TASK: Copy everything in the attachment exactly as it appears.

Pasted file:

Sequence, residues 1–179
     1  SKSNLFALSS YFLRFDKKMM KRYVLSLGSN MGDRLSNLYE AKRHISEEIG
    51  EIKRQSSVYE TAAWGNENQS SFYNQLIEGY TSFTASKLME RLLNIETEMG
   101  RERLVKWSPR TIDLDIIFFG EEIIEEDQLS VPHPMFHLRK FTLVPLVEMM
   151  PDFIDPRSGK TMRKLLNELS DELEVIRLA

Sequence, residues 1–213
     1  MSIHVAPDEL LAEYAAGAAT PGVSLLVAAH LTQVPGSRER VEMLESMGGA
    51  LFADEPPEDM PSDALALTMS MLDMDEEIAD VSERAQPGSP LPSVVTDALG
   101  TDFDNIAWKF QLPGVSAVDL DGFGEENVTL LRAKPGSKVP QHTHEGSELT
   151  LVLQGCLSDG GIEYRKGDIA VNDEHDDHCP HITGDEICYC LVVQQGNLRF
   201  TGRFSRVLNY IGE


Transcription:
Sequence, residues 1–179
     1  SKSNLFALSS YFLRFDKKMM KRYVLSLGSN MGDRLSNLYE AKRHISEEIG
    51  EIKRQSSVYE TAAWGNENQS SFYNQLIEGY TSFTASKLME RLLNIETEMG
   101  RERLVKWSPR TIDLDIIFFG EEIIEEDQLS VPHPMFHLRK FTLVPLVEMM
   151  PDFIDPRSGK TMRKLLNELS DELEVIRLA

Sequence, residues 1–213
     1  MSIHVAPDEL LAEYAAGAAT PGVSLLVAAH LTQVPGSRER VEMLESMGGA
    51  LFADEPPEDM PSDALALTMS MLDMDEEIAD VSERAQPGSP LPSVVTDALG
   101  TDFDNIAWKF QLPGVSAVDL DGFGEENVTL LRAKPGSKVP QHTHEGSELT
   151  LVLQGCLSDG GIEYRKGDIA VNDEHDDHCP HITGDEICYC LVVQQGNLRF
   201  TGRFSRVLNY IGE